He predicted it could open a larger discussion about the utility balloons may have for military operations, and whether the U.S. should invest more in the technology.

“I think this event is going to raise awareness of this technology,” he said. “The difficultly the U.S. is having with regard to dealing with it is a great lesson for how we can use it, perhaps against China.”

The Pentagon has a history of using balloons for military operations. In the early 2000s, the department flew large tethered aerostats equipped with intelligence payloads over Iraq and Afghanistan.

The U.S. Army also spent nearly $2.7 billion to develop the Joint Land Attack Cruise Missile Defense Elevated Netted Sensor System, or JLENS, which featured 70,000-pound tethered balloons used to warn against a missile attack. The program was canceled in 2017 after one of the aerostats broke free and floated from Maryland into Pennsylvania, causing power outages before it was downed in a field.

Politico reported last year that the Defense Department’s fiscal 2023 budget shows an uptick in funding for balloon projects, increasing from a combined $3.8 million in fiscal 2021 and fiscal 2022 to about $27 million. That doesn’t include funding for classified efforts like the Covert Long-Dwell Stratospheric Architecture program, which was reportedly created to identify drug trafficking activity.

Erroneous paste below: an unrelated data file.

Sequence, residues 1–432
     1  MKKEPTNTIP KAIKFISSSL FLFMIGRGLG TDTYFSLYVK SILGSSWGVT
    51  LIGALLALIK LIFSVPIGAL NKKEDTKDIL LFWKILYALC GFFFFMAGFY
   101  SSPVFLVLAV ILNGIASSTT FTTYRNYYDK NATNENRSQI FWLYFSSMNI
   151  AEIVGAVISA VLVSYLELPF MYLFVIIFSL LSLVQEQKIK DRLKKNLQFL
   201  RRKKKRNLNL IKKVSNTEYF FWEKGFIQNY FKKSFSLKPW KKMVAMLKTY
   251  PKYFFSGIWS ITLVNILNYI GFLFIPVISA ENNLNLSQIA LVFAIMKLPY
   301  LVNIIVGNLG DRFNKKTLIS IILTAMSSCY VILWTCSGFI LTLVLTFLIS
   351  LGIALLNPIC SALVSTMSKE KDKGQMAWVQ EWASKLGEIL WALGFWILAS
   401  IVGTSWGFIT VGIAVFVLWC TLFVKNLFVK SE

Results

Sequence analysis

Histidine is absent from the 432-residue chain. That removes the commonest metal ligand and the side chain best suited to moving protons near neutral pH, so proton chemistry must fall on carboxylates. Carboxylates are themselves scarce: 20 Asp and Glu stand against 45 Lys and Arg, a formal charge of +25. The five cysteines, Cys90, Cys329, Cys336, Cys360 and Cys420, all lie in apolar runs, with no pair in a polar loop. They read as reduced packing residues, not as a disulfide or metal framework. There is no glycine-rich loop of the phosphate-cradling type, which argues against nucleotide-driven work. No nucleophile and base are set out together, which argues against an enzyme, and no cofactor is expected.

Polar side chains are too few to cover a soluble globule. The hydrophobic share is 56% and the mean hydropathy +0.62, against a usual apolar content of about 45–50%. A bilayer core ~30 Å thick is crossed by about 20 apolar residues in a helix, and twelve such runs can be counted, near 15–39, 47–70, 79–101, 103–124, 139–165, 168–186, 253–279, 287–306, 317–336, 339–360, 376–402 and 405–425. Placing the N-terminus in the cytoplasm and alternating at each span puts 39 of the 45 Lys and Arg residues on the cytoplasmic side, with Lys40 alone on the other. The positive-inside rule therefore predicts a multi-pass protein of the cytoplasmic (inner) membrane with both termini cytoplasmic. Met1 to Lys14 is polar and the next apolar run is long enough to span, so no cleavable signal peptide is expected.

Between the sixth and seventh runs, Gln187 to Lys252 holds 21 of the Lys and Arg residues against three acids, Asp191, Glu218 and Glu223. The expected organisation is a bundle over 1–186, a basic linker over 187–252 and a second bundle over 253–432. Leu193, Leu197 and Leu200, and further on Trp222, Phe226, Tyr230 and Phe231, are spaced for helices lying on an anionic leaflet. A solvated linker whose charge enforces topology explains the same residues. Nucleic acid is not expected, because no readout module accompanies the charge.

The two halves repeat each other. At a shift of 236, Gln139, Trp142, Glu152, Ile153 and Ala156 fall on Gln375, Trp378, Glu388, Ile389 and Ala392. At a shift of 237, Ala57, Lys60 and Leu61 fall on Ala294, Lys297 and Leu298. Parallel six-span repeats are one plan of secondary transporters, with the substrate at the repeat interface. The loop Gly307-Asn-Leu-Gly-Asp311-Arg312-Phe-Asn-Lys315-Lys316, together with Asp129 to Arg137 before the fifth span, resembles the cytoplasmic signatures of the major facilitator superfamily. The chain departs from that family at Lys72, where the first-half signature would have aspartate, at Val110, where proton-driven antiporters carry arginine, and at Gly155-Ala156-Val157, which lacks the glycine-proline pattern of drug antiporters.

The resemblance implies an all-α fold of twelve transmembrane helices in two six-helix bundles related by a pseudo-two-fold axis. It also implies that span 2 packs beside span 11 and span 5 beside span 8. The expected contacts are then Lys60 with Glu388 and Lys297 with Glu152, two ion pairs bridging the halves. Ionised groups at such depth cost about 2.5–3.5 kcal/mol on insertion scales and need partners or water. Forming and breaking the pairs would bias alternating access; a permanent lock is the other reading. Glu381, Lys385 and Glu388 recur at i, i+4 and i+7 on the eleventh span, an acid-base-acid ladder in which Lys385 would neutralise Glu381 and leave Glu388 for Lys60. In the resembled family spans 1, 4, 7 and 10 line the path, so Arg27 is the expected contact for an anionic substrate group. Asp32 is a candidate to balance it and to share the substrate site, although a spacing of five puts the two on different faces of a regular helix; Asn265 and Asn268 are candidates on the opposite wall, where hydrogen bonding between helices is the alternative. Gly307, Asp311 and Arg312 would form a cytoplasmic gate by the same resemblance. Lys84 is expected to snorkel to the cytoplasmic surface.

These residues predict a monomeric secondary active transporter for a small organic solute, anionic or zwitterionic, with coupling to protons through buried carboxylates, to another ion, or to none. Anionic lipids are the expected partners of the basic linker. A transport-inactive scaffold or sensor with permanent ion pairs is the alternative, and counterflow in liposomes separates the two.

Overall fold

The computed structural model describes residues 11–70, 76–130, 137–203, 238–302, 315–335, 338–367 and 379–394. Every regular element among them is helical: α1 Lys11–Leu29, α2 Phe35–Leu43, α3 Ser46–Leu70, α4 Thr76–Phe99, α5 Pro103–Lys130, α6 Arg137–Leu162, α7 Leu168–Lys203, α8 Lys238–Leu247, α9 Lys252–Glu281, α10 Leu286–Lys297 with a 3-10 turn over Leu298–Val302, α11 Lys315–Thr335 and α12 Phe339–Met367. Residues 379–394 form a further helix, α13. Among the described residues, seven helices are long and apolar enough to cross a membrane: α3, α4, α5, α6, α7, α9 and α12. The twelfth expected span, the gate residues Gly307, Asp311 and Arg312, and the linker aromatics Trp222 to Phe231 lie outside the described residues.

Byron Callan, a defense and aerospace policy research expert at Capital Alpha Partners, told C4ISRNET that China’s use of the technology will likely “grab some attention” in Congress and the DoD, but it’s unclear whether that will lead to more funding for stratospheric balloon development.

He noted that the event offers a tangible example of possible hostility from the DoD’s top adversary just as House lawmakers are scheduled to discuss defense threats at hearings this week. On Feb. 7, the House Armed Services Committee will hold a hearing on “the pressing threat of the Chinese Communist Party to U.S. national defense.” And on Feb. 9, the committee’s cyber, IT and innovation panel is to hold a hearing on “the future of war.”

Callan said heightened concerns about Chinese aggression could carry into budget debates this spring and make it harder for Republican lawmakers to argue for reducing the defense expenditure.

“It can change the tone of the debate over spending in the United States,” he said. “It’s just kind of going to make it, to me, less palatable for the GOP to push for any kind of cut in defense spending.”

Courtney Albon is C4ISRNET’s space and emerging technology reporter. She has covered the U.S. military since 2012, with a focus on the Air Force and Space Force. She has reported on some of the Defense Department’s most significant acquisition, budget and policy challenges.